Heyman Work at Dartmouth College
The Dartmouth College Studio Art Exhibition Program is pleased to present recent drawings and prints by fall Artist-in-Residence Daniel Heyman (Critic, Printmaking).
On view in the Jaffe-Friede Gallery this fall Daniel Heyman presents 5 monumental print projects as well as sketches and studies that lead to their creation. In 3 of the projects Heyman explores non-traditional supports for prints, most notably wood veneer and plaster. The earliest of the works on display is the monumental anti-war etching on plywood, When Photographers are Blinded, Eagles’ Wings are Clipped, 2009-2010 stretching to almost 11’x12’ when fully displayed; the other four works are more recent and consist of four large-scale, seasonal self-portraits, entitled: Summer: Artist Sleeps 2010; Fall: Artist Eats Pho 2011; Winter: Artist Engages 2012; Spring: Artist Contemplates (Inheritance) 2012. Using unusual printmaking materials, Heyman has explored etching and woodcut on plaster in the monumental 75 plaster tile work Winter: Artist Engages as well as etching on wood veneer in Spring: Artist Contemplates (Inheritance). Preliminary sketches, notebooks and working drawings for “When Photographers are Blinded…” and the self-portraits will also be on view.
An illustrated exhibition catalogue with essay by John Yau will be available.
From 2004 until 2010, Daniel Heyman concentrated his art on making images about the war in Iraq, specifically the abuse and torture of innocent Iraqis at Abu Ghraib and other prisons. Heyman traveled with a team of American lawyers to meet these survivors in Jordan and Turkey where he talked face to face with over 45 former detainees, painting or drawing their portraits, painting directly onto the artwork their own versions of what happened to them at the hands of their American captors. He has also met and drawn the portraits of survivors of the September 16, 2007 Blackwater USA attacks at Nasoor Square in Baghdad. In 2009/10 Heyman summarized many of the ideas from these works in a monumental etching printed on plywood, entitled When Photographers are Blinded, Eagles’ Wings are Clipped, 2009-2010. Closer to home, Heyman has drawn portraits of US Veteran Survivors of Military Assault, African American men in Philadelphia emerging from troubled youths in and out of prison, and homeless Veterans living in a shelter in north Philadelphia. Most recently Daniel Heyman’s Iraq-based work was exhibited this past spring at Brown University, David Winton Bell Gallery, List Art Center, in a solo exhibition entitled “It is Difficult to Start….”.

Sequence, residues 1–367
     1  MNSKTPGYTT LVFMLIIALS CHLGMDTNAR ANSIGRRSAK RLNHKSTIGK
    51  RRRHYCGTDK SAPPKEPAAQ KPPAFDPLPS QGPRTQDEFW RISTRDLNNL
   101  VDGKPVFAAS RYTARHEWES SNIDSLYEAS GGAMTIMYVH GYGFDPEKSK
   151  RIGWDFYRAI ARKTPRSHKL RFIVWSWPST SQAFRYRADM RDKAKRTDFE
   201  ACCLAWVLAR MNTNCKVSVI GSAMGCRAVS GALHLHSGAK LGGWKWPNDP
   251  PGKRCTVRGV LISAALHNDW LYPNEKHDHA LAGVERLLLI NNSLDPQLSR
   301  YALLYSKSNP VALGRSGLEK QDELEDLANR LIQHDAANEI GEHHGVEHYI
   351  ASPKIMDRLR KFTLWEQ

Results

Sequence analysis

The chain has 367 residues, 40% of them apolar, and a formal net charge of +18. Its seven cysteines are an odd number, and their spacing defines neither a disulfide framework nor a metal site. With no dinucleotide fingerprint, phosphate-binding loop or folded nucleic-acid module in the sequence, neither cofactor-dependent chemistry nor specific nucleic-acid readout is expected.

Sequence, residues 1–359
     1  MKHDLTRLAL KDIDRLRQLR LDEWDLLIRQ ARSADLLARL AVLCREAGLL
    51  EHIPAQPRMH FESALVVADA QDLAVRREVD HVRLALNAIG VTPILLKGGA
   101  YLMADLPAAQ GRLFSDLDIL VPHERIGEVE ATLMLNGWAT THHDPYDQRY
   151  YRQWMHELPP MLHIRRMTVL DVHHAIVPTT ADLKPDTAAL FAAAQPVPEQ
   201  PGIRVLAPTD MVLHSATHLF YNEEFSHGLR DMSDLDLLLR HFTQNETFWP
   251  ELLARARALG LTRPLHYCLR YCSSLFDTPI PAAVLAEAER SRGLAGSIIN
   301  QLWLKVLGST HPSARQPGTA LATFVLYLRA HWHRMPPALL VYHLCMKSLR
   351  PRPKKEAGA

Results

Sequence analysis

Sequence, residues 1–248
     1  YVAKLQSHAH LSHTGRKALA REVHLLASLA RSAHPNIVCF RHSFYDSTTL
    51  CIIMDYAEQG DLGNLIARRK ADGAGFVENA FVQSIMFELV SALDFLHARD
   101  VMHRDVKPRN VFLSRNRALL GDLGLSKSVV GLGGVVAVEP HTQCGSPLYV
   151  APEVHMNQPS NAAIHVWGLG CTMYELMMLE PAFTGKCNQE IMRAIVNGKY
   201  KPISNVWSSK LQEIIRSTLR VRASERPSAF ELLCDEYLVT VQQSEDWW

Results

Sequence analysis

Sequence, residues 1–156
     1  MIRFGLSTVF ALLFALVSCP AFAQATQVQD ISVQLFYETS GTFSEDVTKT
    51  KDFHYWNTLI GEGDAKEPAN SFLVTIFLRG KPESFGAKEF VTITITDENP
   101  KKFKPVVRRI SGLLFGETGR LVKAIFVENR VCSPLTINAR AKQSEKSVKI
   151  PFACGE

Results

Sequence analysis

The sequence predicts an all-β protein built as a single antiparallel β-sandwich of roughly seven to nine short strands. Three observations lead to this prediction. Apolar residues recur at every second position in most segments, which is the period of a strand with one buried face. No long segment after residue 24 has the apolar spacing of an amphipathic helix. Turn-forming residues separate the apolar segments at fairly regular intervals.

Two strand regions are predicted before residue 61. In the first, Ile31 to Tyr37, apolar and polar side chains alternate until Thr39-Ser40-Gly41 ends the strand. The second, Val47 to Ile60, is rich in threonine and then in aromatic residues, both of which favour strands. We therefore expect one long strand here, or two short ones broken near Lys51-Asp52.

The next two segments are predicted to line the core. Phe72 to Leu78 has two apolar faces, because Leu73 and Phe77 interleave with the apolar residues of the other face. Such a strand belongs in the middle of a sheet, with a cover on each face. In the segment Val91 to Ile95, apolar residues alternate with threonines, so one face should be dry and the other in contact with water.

Heyman will give a talk on his work on Tuesday, September 24 at 4:30 pm in the Hood Museum of Art Auditorium. A reception will follow in the Jaffe-Friede Gallery in the Hopkins Center. The public is invited. For more information please call (603) 646-3651.